Announcements of Opportunity
SURF: Announcements of Opportunity
Below are Announcements of Opportunity posted by Caltech faculty and JPL technical staff for the SURF program.
Each AO indicates whether or not it is open to non-Caltech students. If an AO is NOT open to non-Caltech students, please DO NOT contact the mentor.
Announcements of Opportunity are posted as they are received. Please check back regularly for new AO submissions! Remember: This is just one way that you can go about identifying a suitable project and/or mentor. Click here for more tips on finding a mentor.
Announcements for external summer programs are listed here.
New for 2021: Students applying for JPL projects should complete a SURF@JPL application instead of a "regular" SURF application.
Students pursuing opportunities at JPL must be
U.S. citizens or U.S. permanent residents.
|Project:||The Early Evolution of Terrestrial Planets|
|Disciplines:||Planetary Science, Geophysics|
|Mentor:||Yoshinori Miyazaki, Stanback Postdoctoral Scholar Research Associate, (GPS), firstname.lastname@example.org|
|Mentor URL:||https://yoshinori-miyazaki.people.caltech.edu/ (opens in new window)|
|Background:||The first million years after their formation play a crucial role in creating a habitable surface environment on terrestrial planets. Yet, even for Earth, its early evolutionary path is controversial due to the scarcity of data from this period. Constructing a model based on fundamental physics, which also takes into account available geo/cosmochemical observations and experimental constraints, would be an effective way to picture this period. This approach would also contribute to discussing the origin of life and potentially to the search for extraterrestrial life.|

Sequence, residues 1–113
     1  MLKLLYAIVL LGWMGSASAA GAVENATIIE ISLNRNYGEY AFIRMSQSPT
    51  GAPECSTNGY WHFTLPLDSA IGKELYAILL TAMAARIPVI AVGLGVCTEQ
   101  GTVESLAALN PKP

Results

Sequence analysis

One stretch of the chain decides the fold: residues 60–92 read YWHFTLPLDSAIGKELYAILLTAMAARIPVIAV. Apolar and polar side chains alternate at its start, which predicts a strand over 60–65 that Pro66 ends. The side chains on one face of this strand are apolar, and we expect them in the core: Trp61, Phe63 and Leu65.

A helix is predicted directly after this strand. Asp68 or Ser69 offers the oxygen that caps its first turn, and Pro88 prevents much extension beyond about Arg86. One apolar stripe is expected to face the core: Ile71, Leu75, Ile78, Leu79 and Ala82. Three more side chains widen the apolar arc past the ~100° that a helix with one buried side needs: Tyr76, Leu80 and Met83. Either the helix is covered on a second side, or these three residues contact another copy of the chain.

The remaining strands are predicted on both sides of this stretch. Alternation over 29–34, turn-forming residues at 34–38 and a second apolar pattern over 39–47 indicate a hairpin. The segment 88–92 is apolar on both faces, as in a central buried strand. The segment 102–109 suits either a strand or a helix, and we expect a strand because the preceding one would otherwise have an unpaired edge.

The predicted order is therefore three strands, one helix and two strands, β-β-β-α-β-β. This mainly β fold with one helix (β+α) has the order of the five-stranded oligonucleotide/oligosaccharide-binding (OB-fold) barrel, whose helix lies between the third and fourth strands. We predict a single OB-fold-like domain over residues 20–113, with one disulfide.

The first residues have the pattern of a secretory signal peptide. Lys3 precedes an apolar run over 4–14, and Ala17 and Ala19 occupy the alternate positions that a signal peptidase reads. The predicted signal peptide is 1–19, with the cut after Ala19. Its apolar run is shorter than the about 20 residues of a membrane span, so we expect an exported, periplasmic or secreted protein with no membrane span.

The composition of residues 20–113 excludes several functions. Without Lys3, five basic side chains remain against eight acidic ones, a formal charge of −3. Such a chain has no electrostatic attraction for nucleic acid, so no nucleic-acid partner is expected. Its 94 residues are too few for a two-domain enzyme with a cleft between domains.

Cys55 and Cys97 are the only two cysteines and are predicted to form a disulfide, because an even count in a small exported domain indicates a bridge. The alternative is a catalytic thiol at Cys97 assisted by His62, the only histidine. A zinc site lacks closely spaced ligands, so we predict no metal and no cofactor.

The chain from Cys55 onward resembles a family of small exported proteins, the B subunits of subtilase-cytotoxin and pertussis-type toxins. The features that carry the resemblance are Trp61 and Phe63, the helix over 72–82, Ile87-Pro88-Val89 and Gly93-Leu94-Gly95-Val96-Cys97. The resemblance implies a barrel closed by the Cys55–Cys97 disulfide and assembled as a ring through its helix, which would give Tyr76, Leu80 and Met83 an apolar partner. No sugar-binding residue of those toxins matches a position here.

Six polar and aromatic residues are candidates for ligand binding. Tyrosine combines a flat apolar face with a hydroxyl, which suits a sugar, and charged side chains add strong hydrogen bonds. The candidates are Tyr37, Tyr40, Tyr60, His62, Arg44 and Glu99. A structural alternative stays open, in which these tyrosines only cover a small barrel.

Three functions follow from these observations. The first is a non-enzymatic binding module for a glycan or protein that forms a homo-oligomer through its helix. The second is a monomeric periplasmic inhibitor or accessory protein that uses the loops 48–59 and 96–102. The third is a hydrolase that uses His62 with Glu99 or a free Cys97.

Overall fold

|Description:||There is an opportunity for one student to study the early evolution of terrestrial planets. In this project, the student would (build and) run thermochemical evolution models of terrestrial planets. The goal is to identify the key process that could diverge the evolutionary path of planets and to understand how the size and initial composition of planets may play a role in creating a difference in final surface environments. Under this topic, the specific focus of the project could range from planet formation, magma ocean, and the early atmosphere formation of terrestrial planets depending on the student's interest and background. The work will mainly be based on numerical modeling, but theoretical formulations and statistical analysis would also be necessary when building a model. The student could use a recently developed set of codes or write their own.|
|Student Requirements:||Applicants should have experience in programming, preferably in C++, Python, MATLAB, or Rust. Good knowledge of classical physics is required, and a background in geophysics or fluid dynamics would be helpful.|
This AO can be done under the following programs:
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